Report: Iowa's Hyper-Consolidated Hog Industry Drives Income Inequality


By Nancy Averett, Successful Farming - 5/6/2022


The increasing dominance of large factory farms in Iowa means hog farmers earn $2 less per pound of pork than they did 40 years ago, when the state had many more smaller farms, according to a new report by the nonprofit advocacy group Food & Water Watch.


“The price of hogs has gone down, and more and more is going to the middlemen, the processors, and the retailers,” said Amanda Starbuck, research director for the nonprofit and lead author of the report, The Economic Cost of Food Monopolies: The Hog Bosses.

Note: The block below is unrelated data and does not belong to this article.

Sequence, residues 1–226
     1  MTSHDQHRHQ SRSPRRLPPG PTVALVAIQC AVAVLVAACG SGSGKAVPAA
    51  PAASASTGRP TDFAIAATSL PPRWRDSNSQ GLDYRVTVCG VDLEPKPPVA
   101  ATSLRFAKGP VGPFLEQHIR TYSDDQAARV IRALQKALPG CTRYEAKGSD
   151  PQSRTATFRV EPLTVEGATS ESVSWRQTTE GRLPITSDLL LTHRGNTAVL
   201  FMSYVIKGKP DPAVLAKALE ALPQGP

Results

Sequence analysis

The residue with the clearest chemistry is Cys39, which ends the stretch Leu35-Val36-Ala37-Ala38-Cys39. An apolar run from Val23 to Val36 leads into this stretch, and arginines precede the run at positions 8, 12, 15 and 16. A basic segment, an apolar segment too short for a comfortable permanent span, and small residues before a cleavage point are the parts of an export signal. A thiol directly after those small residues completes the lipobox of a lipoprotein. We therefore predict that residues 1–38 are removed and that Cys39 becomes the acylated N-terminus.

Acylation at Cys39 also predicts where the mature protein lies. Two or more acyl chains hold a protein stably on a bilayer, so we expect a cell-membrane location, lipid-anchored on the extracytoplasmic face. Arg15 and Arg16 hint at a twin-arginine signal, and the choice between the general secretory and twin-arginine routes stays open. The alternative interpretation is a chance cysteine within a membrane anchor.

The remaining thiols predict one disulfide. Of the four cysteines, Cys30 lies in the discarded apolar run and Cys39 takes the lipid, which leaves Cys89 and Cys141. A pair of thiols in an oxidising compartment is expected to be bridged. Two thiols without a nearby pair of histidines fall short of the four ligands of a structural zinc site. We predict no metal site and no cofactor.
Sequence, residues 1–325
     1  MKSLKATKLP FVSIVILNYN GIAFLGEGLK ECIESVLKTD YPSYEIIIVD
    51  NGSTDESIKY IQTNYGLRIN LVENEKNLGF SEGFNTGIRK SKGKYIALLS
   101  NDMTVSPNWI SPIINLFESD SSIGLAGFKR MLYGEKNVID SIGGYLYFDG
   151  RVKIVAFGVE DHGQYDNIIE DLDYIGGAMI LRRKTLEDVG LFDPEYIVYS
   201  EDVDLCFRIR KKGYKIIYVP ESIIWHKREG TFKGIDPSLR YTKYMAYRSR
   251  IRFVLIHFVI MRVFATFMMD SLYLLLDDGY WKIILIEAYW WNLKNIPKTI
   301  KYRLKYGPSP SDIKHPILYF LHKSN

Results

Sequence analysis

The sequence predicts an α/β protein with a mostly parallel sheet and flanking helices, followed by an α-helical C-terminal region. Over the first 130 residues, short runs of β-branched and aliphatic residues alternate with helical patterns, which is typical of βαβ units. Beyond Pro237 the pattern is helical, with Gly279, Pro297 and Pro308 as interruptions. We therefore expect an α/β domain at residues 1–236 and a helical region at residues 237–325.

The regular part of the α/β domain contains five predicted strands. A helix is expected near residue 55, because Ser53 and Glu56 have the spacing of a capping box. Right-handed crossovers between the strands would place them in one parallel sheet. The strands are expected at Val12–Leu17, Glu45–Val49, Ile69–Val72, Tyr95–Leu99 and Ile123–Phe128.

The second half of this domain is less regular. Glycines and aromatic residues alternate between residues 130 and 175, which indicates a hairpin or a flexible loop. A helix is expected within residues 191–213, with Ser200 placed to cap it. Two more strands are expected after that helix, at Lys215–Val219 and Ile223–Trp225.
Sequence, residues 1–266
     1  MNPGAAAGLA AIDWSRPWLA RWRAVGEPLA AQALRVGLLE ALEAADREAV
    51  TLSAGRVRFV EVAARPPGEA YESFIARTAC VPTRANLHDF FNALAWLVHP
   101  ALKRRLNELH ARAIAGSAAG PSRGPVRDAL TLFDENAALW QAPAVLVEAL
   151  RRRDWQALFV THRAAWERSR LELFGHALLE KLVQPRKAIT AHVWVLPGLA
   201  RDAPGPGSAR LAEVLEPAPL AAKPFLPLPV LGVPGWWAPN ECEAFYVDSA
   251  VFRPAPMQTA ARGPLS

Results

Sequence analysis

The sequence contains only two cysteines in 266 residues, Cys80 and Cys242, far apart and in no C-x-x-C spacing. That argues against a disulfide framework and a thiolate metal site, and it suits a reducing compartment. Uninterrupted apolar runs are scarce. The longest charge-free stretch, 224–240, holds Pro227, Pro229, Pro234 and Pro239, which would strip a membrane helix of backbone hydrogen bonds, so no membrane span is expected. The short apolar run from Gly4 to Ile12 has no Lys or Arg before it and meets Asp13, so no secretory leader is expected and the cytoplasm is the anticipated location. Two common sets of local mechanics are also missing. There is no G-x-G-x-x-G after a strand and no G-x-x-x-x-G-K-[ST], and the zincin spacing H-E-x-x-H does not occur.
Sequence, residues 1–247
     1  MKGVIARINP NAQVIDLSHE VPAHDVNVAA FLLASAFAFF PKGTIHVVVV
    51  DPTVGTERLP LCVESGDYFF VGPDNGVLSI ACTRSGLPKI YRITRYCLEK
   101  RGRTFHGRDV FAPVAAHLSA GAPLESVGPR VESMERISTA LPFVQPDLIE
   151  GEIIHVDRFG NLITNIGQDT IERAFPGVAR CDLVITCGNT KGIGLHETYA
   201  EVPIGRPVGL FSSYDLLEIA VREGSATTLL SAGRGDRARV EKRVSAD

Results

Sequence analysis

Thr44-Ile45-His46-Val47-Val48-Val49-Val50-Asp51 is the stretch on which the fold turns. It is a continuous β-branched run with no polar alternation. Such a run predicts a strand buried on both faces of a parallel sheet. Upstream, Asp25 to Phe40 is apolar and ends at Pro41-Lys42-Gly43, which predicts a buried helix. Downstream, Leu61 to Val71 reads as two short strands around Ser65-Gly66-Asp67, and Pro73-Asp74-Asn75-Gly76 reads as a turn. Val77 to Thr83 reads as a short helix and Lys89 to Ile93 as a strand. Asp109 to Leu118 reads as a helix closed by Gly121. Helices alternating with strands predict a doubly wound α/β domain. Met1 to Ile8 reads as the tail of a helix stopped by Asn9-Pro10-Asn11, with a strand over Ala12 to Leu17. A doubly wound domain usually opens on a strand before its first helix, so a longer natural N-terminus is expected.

Iowa lost nearly 90% of its hog farms from 1982 to 2017, as rapid factory farm expansion drove out smaller, family-scale farms, according to the report. In 1980, the nation’s top four pork processors slaughtered about one out of every three hogs in the U.S.; today they slaughter twice that much. In Iowa, the top pork-producing state, that number is even higher, with the top four firms slaughtering nine out of 10 hogs. That dominance allows the big processors to manipulate the market by, among other tactics, flooding auctions with their own hogs to drive down the price. This makes it extremely difficult for farmers to get a fair price for their hogs, the report states...


more, including link to The Economic Cost of Food Monopolies: The Hog Bosses